2 Corinthians 1:3-5 -- Blessed be the God and Father of our Lord Jesus Christ, the Father of mercies and God of all comfort, who comforts us in all our tribulation, that we may be able to comfort those who are in any trouble, with the comfort with which we ourselves are comforted by God. For as the sufferings of Christ abound in us, so our consolation also abounds through Christ.
Been there. Done that. Got the t-shirt. Well, maybe not all of life’s experiences are commemorated on a t-shirt, but they surely leave their marks on us. Some are physical scars that are visible and evident to others, while some are emotional scars that no one can see. A scar is a mark left by a healed wound. It is a reminder that we went through something terrible, but we survived. Because we survived, we can support and encourage others who face similar trials.
When my daughter was about 3 years old, I found out I was pregnant. My husband and I were thrilled. I had dreamed of having a little boy. I wanted to name him Luther after my grandfather and call him Luke. However, that dream ended when I had a miscarriage. We were heartbroken. It was one of the most devastating things I have ever had to deal with. It still hurts to think about it. Everyone did their best to comfort us and I appreciated everyone’s kind words, but I felt so alone and so wounded to the core.
Two things helped me through that difficult time. One was from the word of God. It was a day or two after I was home from the hospital. As I was flipping through the TV channels, something made me stop on an evangelist’s program – I don’t remember now which one – and I listened as he shared about the recent loss of his wife. All the things he was saying about how he had felt really spoke to me. I was having those same feelings. He said he had found comfort in the story of King David’s loss of his first son with Bathsheba. When David learned that the child had died, he cleaned himself up and ate, much to the amazement of his servants. 1 Samuel 12:22-23: And he said, “While the child was alive, I fasted and wept; for I said, ‘Who can tell whether the Lord will be gracious to me, that the child may live?’ But now he is dead; why should I fast? Can I bring him back again? I shall go to him, but he shall not return to me.” This was a comfort to me because it gave me hope. I had lost a child in this life, but I know that I can see him (or her) in the next. Nothing will bring him back, but I can go be with him if I keep living for Christ. We did not get pregnant again after that, despite trying for several years. It was not meant to be, but I have a peace about it. We know we are so blessed to have our beautiful daughter, who will soon be 20 years old, and I do believe that one day I will see my other child.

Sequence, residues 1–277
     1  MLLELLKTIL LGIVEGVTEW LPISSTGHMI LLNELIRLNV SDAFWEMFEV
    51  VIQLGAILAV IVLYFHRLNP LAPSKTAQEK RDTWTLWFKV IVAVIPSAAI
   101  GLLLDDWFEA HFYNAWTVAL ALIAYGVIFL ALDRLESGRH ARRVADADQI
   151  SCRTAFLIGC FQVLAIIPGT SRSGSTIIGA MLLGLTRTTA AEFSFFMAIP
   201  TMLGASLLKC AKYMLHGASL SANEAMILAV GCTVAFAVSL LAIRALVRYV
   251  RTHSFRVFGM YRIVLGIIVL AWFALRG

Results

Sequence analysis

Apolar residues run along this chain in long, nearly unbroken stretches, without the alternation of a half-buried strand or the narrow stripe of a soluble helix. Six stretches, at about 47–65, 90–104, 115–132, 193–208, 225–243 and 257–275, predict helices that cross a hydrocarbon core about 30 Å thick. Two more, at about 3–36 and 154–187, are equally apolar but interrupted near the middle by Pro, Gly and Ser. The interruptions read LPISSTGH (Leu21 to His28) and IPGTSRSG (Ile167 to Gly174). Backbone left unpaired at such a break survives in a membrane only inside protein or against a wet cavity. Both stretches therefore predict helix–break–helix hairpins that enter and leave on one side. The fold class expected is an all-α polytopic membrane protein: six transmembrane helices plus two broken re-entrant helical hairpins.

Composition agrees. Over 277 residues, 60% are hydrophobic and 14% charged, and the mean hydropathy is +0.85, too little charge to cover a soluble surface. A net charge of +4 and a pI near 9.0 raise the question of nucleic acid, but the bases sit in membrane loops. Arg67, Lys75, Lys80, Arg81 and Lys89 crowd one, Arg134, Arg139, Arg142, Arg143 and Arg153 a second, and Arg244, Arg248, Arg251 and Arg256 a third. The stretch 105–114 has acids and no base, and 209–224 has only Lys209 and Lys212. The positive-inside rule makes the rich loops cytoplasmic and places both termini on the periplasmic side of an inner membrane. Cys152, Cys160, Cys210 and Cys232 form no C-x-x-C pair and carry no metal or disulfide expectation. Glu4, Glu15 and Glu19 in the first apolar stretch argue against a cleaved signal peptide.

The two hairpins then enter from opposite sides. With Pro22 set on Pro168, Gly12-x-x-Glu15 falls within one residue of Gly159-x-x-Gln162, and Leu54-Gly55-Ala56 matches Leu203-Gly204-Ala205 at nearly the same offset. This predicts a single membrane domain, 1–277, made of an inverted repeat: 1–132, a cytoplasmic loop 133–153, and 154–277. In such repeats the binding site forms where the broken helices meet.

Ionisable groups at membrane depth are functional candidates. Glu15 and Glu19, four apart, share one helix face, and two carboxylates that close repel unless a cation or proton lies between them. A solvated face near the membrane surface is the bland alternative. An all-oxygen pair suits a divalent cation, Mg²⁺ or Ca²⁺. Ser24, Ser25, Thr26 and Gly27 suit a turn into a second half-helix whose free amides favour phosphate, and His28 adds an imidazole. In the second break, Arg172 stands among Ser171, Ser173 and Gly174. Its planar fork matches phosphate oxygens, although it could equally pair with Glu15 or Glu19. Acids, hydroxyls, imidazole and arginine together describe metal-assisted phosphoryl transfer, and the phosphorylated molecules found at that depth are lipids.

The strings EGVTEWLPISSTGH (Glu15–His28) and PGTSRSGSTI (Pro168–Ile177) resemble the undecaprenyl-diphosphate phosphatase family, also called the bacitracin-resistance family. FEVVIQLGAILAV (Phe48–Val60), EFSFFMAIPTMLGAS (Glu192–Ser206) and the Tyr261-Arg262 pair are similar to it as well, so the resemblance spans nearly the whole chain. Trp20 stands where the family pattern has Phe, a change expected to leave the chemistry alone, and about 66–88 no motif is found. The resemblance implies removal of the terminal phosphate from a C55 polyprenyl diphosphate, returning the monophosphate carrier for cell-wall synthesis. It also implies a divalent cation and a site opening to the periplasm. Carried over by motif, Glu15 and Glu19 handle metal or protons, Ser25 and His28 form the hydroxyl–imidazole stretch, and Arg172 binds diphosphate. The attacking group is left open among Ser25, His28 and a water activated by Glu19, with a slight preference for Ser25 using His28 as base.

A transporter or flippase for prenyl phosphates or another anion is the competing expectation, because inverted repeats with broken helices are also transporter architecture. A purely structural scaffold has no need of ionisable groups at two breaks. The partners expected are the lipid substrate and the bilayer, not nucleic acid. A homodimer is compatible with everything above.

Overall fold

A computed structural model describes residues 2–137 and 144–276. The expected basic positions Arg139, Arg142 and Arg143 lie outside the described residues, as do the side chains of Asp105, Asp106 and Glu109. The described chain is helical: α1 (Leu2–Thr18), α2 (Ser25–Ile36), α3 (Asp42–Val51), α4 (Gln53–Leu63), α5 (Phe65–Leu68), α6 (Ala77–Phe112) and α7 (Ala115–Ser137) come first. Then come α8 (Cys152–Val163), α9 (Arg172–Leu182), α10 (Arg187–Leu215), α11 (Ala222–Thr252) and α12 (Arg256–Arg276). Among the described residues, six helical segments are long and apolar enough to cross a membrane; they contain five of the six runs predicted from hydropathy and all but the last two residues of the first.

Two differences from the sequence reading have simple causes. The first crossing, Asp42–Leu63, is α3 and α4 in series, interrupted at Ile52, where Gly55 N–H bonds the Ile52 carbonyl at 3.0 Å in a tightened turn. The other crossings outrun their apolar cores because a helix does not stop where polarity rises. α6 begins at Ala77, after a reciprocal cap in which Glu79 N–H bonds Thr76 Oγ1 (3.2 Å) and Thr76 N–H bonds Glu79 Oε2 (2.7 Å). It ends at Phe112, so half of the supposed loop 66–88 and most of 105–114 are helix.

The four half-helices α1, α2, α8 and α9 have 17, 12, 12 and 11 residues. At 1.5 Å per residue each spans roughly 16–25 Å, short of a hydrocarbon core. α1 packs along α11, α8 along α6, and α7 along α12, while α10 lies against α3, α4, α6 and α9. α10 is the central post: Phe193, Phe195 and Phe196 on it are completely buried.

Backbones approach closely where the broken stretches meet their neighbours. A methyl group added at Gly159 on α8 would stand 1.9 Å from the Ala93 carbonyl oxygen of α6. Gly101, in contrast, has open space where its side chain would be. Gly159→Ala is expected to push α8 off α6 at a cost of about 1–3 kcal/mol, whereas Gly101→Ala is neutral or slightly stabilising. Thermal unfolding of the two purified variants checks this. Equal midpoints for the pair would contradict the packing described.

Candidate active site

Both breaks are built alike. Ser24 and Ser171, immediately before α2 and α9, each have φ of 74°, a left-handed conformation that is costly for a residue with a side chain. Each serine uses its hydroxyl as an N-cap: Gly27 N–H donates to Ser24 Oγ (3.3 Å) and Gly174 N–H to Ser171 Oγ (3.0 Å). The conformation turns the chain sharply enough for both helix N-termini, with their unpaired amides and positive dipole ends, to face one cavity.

The other thing that helped me was talking with other women who have had miscarriages. Even though they said a lot of the same kind and comforting things that other people did, there was something about the fact that they did know what I was going through and they did know how I felt because they had been there too. Some of these women had experienced multiple miscarriages in trying to conceive, and I couldn’t imagine going through that pain over and over. Later on, I found that I was also able to comfort others when they had miscarriages by sharing my story. Our shared life experience created a special bond, even it if it was just for that moment. With the same comfort that God gives us, we can comfort others who are going through the same thing, whether it is a miscarriage, the death of a loved one, a break up, a sickness – any trial or trouble that life throws at you.
Hebrews 2:14-18 -- Since the children have flesh and blood, he too shared in their humanity so that by his death he might break the power of him who holds the power of death—that is, the devil— and free those who all their lives were held in slavery by their fear of death. For surely it is not angels he helps, but Abraham’s descendants. For this reason he had to be made like them, fully human in every way, in order that he might become a merciful and faithful high priest in service to God, and that he might make atonement for the sins of the people. Because he himself suffered when he was tempted, he is able to help those who are being tempted.